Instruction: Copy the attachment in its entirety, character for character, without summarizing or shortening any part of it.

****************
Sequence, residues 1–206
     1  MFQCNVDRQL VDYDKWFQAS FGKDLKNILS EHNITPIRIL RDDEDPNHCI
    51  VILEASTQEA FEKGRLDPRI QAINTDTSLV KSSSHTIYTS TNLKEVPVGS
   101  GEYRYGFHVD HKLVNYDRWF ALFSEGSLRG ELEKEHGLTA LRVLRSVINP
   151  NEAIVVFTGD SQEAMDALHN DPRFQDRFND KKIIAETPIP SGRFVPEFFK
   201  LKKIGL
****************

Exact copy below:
Sequence, residues 1–206
     1  MFQCNVDRQL VDYDKWFQAS FGKDLKNILS EHNITPIRIL RDDEDPNHCI
    51  VILEASTQEA FEKGRLDPRI QAINTDTSLV KSSSHTIYTS TNLKEVPVGS
   101  GEYRYGFHVD HKLVNYDRWF ALFSEGSLRG ELEKEHGLTA LRVLRSVINP
   151  NEAIVVFTGD SQEAMDALHN DPRFQDRFND KKIIAETPIP SGRFVPEFFK
   201  LKKIGL